Evaluation of the GE Foundation-Supported Demonstration Schools Initiative in Milwaukee Public Schools, SY 2012-2013

December 1, 2013

The Milwaukee Public School district (MPS) Demonstration Schools Initiative provided intensive support to 10 MPS elementary and middle schools implementing the Common Core State Standards (CCSS) in mathematics and English language arts. This evaluation report was designed to answer two overarching questions: How did MPS implement the Demonstration Schools Initiative in Year One, and what factors shaped the implementation? Is there evidence of teachers' adoption of the instructional shifts associated with the CCSS? This evaluation found that teachers in the Demonstration Schools ended the 2012-2013 school year with significantly higher CCSS knowledge in both mathematics and English language arts than did teachers in the comparison schools.

Evaluation of the GE Foundation-Supported Coaching & Demonstration Schools Initiative in Erie Public Schools, SY 2012-2013

November 1, 2013

This evaluation report summarizes the evidence of the implementation and early impacts of the General Electric Foundation's (GEF) Demonstration Schools Initiative in the Erie Public School district (EPS) conducted by the Consortium for Policy Research in Education (CPRE) during the 2012-2013 school year. The Demonstration Schools Initiative provided intensive support to four schools (two elementary, one middle, and one high) implementing the Common Core State Standards (CCSS) in mathematics and English language arts. Concurrently during the 2012- 2013 school year, EPS also continued their implementation of another GEF-supported initiative -- the Coaching Initiative -- using a cadre of instructional coaches in mathematics, science, and ELA for the other schools in the district. In both the Coaching and Demonstration School Initiatives, instructional coaches are key agents of change. Their function is to target and customize the support needed at the building, grade, and teacher levels to shift teachers' understanding and practice to align to the CCSS. For the Demonstration Schools Initiative, coaches also focused much of their time trying to develop professional learning communities (PLCs) within their schools. This evaluation was designed to answer three overarching questions: Did teachers in the Demonstration Schools gain more knowledge of the CCSS as a result of their participation in the GEF-supported initiative? What were the impacts of the initiative for the teachers in the GEF- Foundation supported Demonstration Schools compared to the rest of the district? How did teachers perceive their respective coaches throughout the district?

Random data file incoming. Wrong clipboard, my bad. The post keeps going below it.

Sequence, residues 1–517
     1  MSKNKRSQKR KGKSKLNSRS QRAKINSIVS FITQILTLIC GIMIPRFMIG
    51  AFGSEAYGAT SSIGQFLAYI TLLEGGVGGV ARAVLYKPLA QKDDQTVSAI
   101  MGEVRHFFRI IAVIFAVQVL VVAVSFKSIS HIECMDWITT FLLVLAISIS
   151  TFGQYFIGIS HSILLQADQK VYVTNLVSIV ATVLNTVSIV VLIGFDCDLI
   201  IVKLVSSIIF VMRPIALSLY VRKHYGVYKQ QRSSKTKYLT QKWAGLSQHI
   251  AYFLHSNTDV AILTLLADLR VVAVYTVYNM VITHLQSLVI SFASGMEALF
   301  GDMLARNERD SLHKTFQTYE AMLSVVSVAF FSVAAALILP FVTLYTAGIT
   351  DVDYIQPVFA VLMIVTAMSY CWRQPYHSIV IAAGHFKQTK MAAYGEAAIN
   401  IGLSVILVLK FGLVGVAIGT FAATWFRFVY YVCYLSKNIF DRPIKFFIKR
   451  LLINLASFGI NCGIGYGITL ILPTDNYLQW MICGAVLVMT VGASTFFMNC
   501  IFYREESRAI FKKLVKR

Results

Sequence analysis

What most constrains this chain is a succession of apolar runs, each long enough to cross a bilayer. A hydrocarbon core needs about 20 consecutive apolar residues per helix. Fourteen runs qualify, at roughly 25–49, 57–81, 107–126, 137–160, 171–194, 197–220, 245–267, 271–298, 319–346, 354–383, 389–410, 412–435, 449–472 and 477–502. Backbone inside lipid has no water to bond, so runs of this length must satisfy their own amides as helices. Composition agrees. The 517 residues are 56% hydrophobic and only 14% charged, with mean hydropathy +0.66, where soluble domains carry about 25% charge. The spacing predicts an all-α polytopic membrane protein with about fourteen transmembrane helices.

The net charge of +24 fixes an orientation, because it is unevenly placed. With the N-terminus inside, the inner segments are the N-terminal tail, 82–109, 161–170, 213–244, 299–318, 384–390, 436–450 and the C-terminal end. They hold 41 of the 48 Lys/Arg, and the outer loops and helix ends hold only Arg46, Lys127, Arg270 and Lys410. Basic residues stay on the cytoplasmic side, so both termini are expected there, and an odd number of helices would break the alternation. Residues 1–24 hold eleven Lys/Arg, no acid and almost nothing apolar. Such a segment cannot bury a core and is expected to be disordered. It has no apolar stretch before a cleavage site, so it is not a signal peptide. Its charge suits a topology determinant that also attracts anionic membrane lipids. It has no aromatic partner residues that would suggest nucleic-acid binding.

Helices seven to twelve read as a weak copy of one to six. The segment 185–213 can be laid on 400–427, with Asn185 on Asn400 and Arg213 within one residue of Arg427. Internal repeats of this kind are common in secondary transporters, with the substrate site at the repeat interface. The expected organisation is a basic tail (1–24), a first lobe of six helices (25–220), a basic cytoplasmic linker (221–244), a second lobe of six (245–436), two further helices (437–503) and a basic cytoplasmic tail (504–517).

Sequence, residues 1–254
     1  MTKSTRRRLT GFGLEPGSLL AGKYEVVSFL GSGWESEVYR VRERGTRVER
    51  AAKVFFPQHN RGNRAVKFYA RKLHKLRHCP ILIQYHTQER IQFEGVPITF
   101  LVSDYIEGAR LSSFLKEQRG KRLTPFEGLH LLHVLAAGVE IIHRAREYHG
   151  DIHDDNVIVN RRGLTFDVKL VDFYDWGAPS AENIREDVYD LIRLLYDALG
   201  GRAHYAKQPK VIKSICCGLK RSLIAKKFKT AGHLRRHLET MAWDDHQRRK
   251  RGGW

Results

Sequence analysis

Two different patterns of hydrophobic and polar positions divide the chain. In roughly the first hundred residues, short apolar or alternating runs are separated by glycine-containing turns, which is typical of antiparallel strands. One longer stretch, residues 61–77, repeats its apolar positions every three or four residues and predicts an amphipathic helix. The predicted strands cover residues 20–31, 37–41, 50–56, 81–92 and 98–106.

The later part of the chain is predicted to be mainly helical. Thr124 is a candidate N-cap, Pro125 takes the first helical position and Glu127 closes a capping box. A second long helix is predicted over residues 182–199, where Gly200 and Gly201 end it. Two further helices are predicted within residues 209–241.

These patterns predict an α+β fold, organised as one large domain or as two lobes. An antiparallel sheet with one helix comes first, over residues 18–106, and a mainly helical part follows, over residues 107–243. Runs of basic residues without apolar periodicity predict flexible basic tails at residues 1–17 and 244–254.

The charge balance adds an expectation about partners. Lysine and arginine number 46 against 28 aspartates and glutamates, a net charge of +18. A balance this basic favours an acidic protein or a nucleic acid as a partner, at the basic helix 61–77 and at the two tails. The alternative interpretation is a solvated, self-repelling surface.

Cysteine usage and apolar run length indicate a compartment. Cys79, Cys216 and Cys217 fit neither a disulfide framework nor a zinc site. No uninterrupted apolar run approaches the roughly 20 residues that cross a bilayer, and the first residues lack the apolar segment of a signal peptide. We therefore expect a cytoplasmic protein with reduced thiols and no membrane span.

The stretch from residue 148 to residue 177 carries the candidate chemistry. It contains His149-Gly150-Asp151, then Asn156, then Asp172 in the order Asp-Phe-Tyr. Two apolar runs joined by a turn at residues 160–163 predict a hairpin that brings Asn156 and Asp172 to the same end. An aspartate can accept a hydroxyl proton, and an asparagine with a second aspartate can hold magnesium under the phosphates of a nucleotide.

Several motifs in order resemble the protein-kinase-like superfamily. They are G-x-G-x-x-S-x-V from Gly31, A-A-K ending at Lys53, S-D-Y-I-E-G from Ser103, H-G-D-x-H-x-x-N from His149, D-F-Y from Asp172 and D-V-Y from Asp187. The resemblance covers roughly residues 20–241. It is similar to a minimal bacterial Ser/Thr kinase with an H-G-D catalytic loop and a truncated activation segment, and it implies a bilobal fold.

Evaluation of the i3 Scale-up of Reading Recovery | Year One Report, 2011-12

August 1, 2013

Reading Recovery (RR) is a short-term early intervention designed to help the lowest-achieving readers in first grade reach average levels of classroom performance in literacy. Students identified to receive Reading Recovery meet individually with a specially trained Reading Recovery (RR) teacher every school day for 30-minute lessons over a period of 12 to 20 weeks. The purpose of these lessons is to support rapid acceleration of each child's literacy learning. In 2010, The Ohio State University received a Scaling Up What Works grant from the U.S. Department of Education's Investing in Innovation (i3) Fund to expand the use of Reading Recovery across the country. The award was intended to fund the scale-up of Reading Recovery by training 3,675 new RR Teachers in U.S. schools, thereby expanding capacity to allow service to an additional 88,200 students.The Consortium for Policy Research in Education (CPRE) was contracted to conduct an independent evaluation of the i3 scale up of Reading Recovery over the course of five years. The evaluation includes parallel rigorous experimental and quasi-experimental designs for estimating program impacts, coupled with a large-scale mixed-methods study of program implementation under the i3 scale-up. This report presents findings through the second year of the evaluation. The primary goals of this evaluation were: a) to assess the success of the scale-up in meeting the i3 grant's expansion goals; b) to document the implementation of scale-up and fidelity to program standards; and, c) to provide experimental evidence of the impacts of Reading Recovery on student learning under this scale-up effort.